• Home
  • News
  • ETRA Response to ECHA Consultation on Microplastics

ETRA Response to ECHA Consultation on Microplastics

ETRA Response to ECHA Consultation on Microplastics Image 1

On 20 September 2019, ECHA closed the Public Consultation that it had launched on the Restriction proposal of intentionally added Micro-plastics. This was the first consultation step of a long and complex procedure that had begun in 2018 after the EU published its plastics strategy in February 2018.

The Commission requested that ECHA develop a restriction proposal for ‘microplastics that are intentionally added to consumer and professional products’. Then ECHA (the Dossier Submitter) submitted two restriction proposals on intentionally added microplastics in a variety of consumer and professional products.

According to the proposal:

  • Polymers shall not, from (approx. 2021), be placed on the market as a substance on its own or in a mixture as a micro-plastic in a concentration equal to or greater than 0.01% w/w
    • ‘micro-plastic’ means a material consisting of solid polymer-containing particles, to which additives or other substances may have been added, and where ≥ 1% w/w of particles have (i) all dimensions 1nm ≤ x ≤ 5mm, or (ii), for fibres, a length of 3nm ≤ x ≤ 15mm and length to diameter ratio of >3
    • Infill material fulfils the definition of microplastic, thus falls under the restriction proposal

The Public consultation of the report started on 20 March 2019 and it was held open, for 6 months, until 20th September. The next steps of the procedure will be:

  • An Opinion from RAC is due in March 2020
  • A Public consultation on SEAC’s draft opinion begins during the spring of 2020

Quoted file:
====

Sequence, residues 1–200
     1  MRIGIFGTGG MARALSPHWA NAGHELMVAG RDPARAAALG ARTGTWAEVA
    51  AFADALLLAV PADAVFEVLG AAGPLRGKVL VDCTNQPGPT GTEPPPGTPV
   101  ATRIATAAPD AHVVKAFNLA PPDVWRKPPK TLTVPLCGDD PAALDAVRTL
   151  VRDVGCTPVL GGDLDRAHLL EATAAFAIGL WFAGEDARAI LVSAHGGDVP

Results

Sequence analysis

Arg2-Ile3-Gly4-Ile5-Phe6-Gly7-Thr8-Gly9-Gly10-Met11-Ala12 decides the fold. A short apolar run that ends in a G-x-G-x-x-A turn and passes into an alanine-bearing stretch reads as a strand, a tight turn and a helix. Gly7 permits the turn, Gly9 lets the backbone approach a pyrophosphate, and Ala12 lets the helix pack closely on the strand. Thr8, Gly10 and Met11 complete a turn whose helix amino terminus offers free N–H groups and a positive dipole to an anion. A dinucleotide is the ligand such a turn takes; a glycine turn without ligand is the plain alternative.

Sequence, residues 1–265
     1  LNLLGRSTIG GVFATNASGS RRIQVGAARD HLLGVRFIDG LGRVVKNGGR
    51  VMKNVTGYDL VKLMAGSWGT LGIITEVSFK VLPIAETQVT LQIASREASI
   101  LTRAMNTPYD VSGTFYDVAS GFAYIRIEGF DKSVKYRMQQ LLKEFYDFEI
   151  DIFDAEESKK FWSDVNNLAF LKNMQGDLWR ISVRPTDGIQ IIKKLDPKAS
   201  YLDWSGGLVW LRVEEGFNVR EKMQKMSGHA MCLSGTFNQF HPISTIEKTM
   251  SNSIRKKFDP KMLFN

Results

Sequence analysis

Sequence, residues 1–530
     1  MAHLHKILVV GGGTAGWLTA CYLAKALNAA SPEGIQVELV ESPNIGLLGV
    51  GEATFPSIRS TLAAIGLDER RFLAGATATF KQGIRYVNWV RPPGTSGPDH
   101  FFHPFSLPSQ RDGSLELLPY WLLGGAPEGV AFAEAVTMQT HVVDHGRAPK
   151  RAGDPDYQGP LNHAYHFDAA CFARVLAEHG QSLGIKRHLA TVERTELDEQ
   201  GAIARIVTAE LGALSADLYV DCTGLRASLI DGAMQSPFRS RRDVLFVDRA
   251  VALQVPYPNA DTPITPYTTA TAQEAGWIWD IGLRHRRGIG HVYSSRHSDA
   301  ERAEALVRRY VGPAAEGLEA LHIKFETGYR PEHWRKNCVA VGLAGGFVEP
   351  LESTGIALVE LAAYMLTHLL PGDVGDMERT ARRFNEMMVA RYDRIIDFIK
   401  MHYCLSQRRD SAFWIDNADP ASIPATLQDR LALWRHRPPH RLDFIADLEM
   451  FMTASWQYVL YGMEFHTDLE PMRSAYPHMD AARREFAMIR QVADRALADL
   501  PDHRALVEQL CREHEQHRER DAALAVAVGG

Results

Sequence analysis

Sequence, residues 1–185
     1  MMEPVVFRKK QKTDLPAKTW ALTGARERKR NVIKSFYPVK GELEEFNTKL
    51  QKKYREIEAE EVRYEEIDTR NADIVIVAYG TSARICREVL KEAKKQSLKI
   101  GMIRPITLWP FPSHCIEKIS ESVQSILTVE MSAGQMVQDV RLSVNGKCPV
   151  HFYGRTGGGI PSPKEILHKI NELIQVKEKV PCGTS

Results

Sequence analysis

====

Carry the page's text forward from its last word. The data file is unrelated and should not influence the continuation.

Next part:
• SEAC’s final opinion is expected in June 2020
  • The Commission decision is expected in 2021

Some thousands of response have been submitted from many different sectors and bodies. ETRA submitted its Response (Number 2446) which included a range of critical issues :

  • The inclusion of infill materials in the micro-plastic definition is misleading and contradictory with the definition itself and with several parts of the Restriction Report.
  • Specifically, recycled rubber granulate used as infill material are not micro-scopic. But there are other more evident discrepancies.
  • ETRA defined 10 reasons why SBR infill material should not be included.
  • A more precise reading of the definition of ‘micro-plastic’ in the Restriction Report could eliminate ‘infill material’ from the discussion and could possibly lead to derogation.

The Response is the result of team work by the ETRA sport Committee, with a secondary objective, i.e., to raise points for reflection that could help other stakeholders and scientific bodies to enter into the debate.

The ETRA Response is available here below for downloading.

We use cookies on our website. Some of them are essential for the operation of the site, while others help us to improve this site and the user experience (tracking cookies). You can decide for yourself whether you want to allow cookies or not. Please note that if you reject them, you may not be able to use all the functionalities of the site.